Father Bloom is dead; God rest his soul.
His obituary states that he died from “shortness of breath.” As I recall, he was never a long-winded man to begin with.
Father Bloom spoke every year at the Memorial Day celebration in our town. The parade always assembles at the village green and marches up the hill to the Catholic cemetery. It takes all of fifteen minutes to complete the trek.
One year Father Bloom approached the microphone to greet the crowds assembled on the hillside.
“Welcome to our Memorial Day celebration,” he began, “the most popular annual event in our town. As a matter of fact, it has the distinction of being the only annual event in our town.”
I used to walk our black Labrador retriever down the street past Saint Bernard’s Catholic Church on the corner. Sometimes we would cut through the walkway between the church and the rectory. Father Bloom kept watch from the window.
One time I returned with the dog and encountered Father Bloom standing on the walkway by the lawn. “Good day, Father,” I said, mustering a weak smile.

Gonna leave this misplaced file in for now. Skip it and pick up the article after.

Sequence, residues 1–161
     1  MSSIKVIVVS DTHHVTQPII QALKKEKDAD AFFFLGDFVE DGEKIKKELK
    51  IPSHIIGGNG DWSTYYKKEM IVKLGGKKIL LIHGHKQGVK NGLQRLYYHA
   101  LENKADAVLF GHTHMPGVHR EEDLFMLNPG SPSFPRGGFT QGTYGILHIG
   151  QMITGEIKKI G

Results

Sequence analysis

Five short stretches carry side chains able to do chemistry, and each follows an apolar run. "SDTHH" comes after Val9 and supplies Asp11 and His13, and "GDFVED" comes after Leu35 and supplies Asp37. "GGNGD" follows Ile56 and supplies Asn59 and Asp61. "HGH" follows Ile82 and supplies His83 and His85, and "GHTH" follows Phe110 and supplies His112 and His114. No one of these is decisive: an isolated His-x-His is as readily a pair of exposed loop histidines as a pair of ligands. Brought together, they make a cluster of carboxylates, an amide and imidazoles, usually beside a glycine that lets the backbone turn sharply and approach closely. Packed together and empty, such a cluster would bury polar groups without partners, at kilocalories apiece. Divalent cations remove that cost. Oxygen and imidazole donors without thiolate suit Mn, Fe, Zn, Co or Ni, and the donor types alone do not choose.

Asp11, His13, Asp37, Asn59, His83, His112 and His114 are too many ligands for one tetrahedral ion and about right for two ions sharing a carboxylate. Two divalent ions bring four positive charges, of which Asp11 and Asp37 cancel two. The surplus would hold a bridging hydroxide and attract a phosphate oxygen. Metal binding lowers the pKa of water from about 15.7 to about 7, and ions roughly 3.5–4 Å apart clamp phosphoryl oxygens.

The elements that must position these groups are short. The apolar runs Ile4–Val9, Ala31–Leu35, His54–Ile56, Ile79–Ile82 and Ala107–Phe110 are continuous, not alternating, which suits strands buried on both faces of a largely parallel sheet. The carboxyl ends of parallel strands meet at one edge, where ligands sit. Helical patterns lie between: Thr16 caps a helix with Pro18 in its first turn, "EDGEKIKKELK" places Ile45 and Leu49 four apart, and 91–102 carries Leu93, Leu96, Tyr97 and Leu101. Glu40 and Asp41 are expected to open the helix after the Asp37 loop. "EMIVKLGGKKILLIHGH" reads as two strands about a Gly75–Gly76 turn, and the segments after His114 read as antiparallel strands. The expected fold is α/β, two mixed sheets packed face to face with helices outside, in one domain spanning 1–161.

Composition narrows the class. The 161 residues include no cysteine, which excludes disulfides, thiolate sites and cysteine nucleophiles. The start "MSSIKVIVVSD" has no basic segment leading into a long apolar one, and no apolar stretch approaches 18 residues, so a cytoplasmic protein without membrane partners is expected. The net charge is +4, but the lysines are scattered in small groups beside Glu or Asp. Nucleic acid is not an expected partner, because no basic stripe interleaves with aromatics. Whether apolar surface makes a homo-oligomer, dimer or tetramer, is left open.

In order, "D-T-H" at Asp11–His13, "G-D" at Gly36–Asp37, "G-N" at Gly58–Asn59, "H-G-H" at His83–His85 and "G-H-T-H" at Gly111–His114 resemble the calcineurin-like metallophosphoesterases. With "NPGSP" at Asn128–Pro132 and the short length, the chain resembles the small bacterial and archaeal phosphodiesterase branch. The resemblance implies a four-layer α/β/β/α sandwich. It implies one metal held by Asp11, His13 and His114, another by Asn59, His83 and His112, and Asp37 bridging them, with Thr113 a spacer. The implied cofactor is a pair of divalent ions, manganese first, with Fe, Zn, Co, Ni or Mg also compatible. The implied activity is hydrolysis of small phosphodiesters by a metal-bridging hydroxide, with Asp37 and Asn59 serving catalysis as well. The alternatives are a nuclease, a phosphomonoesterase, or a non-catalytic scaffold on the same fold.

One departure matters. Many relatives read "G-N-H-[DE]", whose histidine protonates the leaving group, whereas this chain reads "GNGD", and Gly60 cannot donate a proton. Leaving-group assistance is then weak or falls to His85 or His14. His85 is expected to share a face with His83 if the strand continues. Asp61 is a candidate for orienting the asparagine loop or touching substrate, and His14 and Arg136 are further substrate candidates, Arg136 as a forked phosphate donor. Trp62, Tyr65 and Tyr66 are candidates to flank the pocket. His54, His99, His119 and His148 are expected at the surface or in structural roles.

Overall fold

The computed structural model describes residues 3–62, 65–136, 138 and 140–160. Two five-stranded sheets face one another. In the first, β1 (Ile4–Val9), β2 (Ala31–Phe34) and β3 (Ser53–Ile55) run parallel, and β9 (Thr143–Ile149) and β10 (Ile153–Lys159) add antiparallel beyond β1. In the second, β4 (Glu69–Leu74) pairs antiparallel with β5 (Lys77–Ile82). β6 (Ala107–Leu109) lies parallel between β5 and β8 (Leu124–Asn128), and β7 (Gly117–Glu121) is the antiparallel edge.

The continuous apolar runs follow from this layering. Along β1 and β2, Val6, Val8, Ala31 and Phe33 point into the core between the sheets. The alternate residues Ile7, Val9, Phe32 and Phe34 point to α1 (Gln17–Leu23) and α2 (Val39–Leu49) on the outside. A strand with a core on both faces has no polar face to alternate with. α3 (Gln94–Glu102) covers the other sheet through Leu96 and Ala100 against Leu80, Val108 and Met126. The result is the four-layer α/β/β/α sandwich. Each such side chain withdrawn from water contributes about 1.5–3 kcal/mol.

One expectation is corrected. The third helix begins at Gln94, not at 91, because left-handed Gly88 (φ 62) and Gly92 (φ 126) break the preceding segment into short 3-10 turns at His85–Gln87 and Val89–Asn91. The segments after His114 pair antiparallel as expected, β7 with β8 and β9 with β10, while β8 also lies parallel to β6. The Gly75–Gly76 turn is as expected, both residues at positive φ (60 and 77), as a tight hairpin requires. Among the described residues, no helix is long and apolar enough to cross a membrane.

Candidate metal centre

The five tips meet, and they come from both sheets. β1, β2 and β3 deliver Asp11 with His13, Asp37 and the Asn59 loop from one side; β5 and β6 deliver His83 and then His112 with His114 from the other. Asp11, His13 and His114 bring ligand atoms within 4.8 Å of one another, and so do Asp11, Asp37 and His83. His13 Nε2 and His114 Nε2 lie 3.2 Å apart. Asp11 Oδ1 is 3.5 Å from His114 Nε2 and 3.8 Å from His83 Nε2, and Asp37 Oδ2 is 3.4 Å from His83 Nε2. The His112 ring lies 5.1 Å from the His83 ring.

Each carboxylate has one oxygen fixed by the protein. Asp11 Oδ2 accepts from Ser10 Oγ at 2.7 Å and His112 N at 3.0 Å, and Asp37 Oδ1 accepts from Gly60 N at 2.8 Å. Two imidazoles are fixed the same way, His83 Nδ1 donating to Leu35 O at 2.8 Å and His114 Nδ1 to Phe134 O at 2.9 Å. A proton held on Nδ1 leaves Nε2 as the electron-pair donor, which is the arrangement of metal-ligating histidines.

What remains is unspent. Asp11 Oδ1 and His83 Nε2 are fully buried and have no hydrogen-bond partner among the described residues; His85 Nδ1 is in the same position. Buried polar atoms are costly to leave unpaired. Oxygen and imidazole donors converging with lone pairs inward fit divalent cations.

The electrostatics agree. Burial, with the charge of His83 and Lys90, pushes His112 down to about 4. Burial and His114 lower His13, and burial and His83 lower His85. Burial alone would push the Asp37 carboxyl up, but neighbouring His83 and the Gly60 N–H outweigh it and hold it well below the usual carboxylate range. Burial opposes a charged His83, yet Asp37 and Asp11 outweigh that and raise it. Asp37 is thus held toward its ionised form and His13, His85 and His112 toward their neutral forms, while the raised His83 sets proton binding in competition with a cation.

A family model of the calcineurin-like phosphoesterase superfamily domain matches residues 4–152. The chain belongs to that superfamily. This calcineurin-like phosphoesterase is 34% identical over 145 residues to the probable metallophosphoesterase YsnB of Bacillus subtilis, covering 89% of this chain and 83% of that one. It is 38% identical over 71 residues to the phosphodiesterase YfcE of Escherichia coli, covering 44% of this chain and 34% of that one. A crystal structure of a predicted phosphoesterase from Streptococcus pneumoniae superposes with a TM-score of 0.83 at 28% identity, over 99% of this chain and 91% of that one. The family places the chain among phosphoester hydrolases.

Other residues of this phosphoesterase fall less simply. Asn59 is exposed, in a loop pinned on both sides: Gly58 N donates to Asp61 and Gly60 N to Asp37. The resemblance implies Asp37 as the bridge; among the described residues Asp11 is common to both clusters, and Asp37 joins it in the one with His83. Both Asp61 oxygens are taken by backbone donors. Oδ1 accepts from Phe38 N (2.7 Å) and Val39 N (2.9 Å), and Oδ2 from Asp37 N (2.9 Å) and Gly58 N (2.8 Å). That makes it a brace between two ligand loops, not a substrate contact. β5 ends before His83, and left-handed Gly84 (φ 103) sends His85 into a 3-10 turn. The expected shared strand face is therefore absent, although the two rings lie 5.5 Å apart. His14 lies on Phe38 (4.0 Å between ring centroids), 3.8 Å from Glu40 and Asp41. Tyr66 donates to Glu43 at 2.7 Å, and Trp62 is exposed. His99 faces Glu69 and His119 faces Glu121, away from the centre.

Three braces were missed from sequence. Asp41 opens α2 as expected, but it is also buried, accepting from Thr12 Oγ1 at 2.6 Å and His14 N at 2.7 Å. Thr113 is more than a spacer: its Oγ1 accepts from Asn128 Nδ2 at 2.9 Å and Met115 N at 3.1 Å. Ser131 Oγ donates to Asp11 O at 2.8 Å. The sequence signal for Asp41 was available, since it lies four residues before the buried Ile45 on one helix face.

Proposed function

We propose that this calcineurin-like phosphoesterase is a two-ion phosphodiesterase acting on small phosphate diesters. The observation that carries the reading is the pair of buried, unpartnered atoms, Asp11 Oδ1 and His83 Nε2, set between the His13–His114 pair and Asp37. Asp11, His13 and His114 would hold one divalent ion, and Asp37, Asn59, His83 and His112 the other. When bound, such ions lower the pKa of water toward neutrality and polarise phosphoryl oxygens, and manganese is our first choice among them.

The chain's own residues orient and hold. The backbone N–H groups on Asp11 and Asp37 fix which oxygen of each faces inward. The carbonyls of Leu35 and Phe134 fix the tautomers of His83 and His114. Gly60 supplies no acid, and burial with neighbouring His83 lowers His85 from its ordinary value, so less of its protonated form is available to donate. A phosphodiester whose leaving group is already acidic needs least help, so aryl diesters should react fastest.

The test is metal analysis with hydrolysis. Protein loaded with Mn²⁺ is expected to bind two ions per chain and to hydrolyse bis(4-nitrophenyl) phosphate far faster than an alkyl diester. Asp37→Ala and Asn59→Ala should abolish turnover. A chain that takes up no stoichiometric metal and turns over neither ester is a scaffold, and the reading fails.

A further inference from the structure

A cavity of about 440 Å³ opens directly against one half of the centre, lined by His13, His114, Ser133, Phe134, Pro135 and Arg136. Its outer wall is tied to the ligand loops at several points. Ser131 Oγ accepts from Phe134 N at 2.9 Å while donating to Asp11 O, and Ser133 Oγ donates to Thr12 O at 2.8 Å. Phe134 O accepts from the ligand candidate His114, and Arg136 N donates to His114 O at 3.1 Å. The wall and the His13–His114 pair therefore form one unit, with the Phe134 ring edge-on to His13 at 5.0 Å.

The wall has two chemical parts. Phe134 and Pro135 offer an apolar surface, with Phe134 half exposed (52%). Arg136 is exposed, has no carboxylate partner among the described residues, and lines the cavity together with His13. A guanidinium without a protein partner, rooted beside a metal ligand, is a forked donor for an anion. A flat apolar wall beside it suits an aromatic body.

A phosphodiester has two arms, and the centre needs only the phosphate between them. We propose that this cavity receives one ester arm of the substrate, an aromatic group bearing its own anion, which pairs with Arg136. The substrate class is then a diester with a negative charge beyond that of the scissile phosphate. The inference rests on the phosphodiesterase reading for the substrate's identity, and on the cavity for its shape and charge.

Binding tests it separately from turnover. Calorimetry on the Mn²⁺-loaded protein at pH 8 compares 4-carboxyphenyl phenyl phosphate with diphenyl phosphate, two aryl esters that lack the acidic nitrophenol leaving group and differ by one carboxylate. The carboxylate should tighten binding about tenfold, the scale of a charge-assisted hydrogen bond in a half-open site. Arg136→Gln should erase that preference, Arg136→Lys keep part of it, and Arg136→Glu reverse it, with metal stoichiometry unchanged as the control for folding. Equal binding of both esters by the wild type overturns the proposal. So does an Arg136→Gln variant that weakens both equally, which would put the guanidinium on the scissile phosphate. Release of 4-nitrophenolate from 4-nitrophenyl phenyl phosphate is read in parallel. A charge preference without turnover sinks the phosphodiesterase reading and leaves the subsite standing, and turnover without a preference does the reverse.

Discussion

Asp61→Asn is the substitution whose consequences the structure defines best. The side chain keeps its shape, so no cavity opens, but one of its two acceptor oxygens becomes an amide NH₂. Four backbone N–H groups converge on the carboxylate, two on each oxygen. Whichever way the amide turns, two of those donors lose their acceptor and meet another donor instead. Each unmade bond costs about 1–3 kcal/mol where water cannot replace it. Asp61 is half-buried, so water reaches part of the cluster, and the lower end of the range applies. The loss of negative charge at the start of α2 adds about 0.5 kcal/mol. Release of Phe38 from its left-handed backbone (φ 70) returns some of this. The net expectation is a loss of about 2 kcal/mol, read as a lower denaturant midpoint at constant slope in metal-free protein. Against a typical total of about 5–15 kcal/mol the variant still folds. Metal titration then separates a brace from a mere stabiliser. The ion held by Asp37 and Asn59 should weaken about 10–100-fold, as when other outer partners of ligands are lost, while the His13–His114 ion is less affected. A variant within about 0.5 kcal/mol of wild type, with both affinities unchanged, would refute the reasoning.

“Is this your dog’s business?” Father Bloom growled, pointing to the pile of canine excrement at his feet.
I bent down to study it carefully. “Oh, no, Father. That’s not my dog’s; I’m certain of it.”
“Make sure you keep him out of the cemetery,” he said. “Hallowed ground is no place for dogs.”
I wondered if Father Bloom had ever seen the movie, “All Dogs Go To Heaven.”
On another occasion my wife and I were out with the dog when Father Bloom stepped out of the side door of the rectory. “Is that dog Catholic?” he asked.
“No, Father, he’s Protestant through and through,” my wife said.
“Then get him the hell out of here,” he muttered.
Once, when out for an afternoon stroll, I walked past the church and looked up to see Father Bloom’s Buick sedan shoot out from between the rectory and the house next door and skid to a halt on his front lawn. Slowly the door opened, and Father Bloom careened out.
“Don’t mind me, son,” he grinned. “I just went out for a few beers and missed the garage.”